Late Thursday, President Trump announced a cruise missile strike against a Syrian air base in retaliation for the regime’s alleged use of chemical weapons against its people. Initial reports suggest that the strike involved 59 cruise missiles that destroyed Syrian aircraft and killed a dozen people. The missile strike has been widely praised by U.S. allies and condemned by Russia and Iran.
What does this sudden reversal in the Trump administration’s policy mean for the U.S. role in Syria? Others will weigh in soon on critical questions about legality, in the absence of either a U.N. Security Council resolution or congressional authorization, and the political fallout of his dramatic policy reversal. Here are four things to watch in terms of the military and strategic implications of the Syria strike.
1. The cruise missile strike alone has little military impact on the war
The first direct U.S. military strike against Syrian regime targets is obviously a significant escalation. But a standoff strike against a single air base was also one of the smallest available military options available against Syria. On its own, it is a symbolic action which has virtually no impact on the course of the long, complex Syrian civil war. Damaged airstrips can be quickly rebuilt, destroyed airplanes can be easily replaced by Russia, and the balance of forces on the ground remains unaffected.
Missile strikes alone are meant to send a message, but do not change the strategic stalemate that has characterized Syria’s war for many years. Syria’s regime, with the support of Iran, Hezbollah and Russia, has proved able to resist either internal regime overthrow or military defeat on the ground. Syria’s insurgency has long been plagued by its internal divisions and growing radicalism. Control over territory and strategic initiative has ebbed and flowed, with the regime having the upper hand in the recent period. But neither the regime nor the insurgency has been capable of defeating the other.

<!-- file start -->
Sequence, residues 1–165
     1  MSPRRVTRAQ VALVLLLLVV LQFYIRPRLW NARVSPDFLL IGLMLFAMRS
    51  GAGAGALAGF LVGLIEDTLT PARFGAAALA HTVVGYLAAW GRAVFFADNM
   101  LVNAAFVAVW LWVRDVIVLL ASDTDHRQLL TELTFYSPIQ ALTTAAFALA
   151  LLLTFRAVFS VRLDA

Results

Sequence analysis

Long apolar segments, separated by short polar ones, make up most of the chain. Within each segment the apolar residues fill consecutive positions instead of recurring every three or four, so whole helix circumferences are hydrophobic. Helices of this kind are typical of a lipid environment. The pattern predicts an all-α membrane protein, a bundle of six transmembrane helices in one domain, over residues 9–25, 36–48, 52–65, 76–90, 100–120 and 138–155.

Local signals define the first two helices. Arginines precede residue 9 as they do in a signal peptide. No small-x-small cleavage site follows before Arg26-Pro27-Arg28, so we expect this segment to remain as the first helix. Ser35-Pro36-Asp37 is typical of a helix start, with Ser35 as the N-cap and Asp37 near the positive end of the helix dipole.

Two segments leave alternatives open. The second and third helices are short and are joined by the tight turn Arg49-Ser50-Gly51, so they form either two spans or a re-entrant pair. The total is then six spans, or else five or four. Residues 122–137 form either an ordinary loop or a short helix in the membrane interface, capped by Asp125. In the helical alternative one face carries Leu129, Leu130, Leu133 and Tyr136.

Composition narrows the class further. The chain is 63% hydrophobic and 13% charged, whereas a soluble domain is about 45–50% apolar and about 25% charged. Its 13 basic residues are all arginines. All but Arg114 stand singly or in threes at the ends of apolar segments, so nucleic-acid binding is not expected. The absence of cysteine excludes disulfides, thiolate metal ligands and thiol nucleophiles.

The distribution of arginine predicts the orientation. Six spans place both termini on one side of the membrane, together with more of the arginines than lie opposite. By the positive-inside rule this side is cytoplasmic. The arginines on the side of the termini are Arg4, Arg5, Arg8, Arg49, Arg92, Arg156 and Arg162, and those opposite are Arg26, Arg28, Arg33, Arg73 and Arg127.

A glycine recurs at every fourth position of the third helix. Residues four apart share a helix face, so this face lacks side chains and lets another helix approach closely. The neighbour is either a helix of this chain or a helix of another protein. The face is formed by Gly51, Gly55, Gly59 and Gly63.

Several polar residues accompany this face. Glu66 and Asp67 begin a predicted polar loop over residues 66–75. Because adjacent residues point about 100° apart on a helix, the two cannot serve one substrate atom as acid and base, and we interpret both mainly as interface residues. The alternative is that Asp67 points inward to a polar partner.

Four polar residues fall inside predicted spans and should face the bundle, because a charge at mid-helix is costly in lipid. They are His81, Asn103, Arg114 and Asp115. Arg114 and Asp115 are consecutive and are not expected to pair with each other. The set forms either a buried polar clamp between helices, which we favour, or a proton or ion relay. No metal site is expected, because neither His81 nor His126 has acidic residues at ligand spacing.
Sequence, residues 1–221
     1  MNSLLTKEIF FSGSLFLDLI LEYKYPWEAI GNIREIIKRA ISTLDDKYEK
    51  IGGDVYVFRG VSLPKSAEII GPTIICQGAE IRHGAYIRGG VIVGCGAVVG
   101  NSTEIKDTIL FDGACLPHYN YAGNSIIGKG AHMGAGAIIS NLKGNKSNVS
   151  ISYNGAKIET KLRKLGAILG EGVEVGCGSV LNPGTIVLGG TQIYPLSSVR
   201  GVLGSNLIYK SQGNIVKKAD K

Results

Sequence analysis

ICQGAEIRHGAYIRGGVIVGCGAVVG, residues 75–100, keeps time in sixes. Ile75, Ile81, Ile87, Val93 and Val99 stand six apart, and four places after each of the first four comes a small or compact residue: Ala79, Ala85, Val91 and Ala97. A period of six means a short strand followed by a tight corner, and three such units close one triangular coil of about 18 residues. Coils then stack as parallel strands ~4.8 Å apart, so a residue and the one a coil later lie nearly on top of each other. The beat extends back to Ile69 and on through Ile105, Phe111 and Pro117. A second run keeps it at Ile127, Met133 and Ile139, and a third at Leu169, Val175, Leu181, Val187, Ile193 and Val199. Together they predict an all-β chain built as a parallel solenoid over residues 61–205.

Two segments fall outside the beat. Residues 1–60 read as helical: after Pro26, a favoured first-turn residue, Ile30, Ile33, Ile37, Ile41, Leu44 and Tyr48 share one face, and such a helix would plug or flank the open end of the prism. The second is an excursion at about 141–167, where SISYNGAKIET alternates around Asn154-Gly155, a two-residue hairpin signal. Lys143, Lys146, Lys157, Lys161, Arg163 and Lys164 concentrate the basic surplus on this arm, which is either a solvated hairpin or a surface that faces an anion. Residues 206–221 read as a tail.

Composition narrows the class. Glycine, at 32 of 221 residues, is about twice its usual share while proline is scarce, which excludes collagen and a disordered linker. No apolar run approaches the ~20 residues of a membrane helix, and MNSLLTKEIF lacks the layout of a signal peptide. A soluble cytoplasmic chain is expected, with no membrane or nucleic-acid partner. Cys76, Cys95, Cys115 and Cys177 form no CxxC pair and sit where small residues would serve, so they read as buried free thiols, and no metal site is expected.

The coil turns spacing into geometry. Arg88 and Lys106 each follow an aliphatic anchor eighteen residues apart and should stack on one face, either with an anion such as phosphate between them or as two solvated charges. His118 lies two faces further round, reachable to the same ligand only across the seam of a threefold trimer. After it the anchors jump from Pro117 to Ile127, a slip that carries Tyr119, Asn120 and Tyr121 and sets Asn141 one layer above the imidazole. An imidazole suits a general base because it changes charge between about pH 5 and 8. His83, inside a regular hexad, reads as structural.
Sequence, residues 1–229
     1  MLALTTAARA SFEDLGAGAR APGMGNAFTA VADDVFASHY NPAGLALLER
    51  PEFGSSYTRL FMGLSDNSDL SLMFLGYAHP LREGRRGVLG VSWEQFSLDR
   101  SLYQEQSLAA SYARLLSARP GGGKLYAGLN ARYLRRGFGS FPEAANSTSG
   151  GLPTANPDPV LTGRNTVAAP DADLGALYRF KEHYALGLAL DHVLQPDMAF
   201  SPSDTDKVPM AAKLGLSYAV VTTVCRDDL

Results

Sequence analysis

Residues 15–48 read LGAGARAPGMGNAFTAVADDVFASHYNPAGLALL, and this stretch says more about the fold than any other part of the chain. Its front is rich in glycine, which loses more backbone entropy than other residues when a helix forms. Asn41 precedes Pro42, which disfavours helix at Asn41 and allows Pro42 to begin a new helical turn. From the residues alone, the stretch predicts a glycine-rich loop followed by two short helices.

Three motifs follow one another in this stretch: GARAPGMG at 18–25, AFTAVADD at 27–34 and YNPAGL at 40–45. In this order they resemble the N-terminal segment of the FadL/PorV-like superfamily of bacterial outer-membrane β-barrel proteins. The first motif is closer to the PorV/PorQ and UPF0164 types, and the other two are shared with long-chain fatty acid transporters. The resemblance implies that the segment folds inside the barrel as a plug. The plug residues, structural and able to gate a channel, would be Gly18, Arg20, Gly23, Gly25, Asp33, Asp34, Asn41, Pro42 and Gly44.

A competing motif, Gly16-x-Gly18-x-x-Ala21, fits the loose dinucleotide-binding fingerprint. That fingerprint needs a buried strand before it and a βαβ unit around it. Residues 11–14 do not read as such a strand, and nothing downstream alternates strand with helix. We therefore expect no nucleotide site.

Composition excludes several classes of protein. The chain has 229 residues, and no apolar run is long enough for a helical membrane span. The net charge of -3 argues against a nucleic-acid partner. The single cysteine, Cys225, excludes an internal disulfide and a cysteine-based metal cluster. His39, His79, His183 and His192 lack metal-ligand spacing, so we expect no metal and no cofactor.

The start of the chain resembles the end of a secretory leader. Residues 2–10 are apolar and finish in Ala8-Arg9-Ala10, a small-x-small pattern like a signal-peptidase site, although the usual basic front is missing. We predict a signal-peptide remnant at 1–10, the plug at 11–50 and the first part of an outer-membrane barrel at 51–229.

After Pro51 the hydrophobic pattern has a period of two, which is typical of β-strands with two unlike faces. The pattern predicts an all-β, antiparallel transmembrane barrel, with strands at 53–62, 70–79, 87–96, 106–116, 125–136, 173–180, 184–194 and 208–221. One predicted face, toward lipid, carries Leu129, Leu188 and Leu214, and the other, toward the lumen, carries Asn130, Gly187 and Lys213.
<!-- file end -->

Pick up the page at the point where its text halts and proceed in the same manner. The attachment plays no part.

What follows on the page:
International and regional competitive intervention has sustained this stalemate: Each time one side weakens, its external patron has increased support to ensure its survival. At moments when the regime faced serious challenge, external supporters such as Hezbollah, Iran and Russia increased their levels of support. Rebels, in turn, would receive greater support from a wide array of external actors such as the United States, Saudi Arabia, Qatar and Turkey. The same escalatory ladder is likely to play out now, with Russia increasing support to Assad to offset any new U.S. military role.
2. Can Trump avoid mission creep?
The primary effect of the missile strike will not be on the ground, but rather in how it affects expectations by allies and adversaries about the future U.S. role. The airstrikes were intended in large part to establish Trump’s credibility, by drawing a sharp contrast with Obama’s decision not to bomb in September 2013.
But credibility is a delicate creature. His newfound credibility will constantly be in question as it becomes clear that the airstrikes have not resolved the conflict. The limited strikes will also embolden those voices that have long pushed for the United States to force Assad from power. The missile strikes could be a large step onto the slippery slope toward a broader war, which the Obama administration feared.
This does not seem to be the intention. National security adviser H.R. McMaster and Secretary of State Rex Tillerson have taken pains to emphasize that the strike was intended as a one-off punitive strike intended to deter the use of chemical weapons. Key U.S. allies have pointedly praised the strike’s limited nature.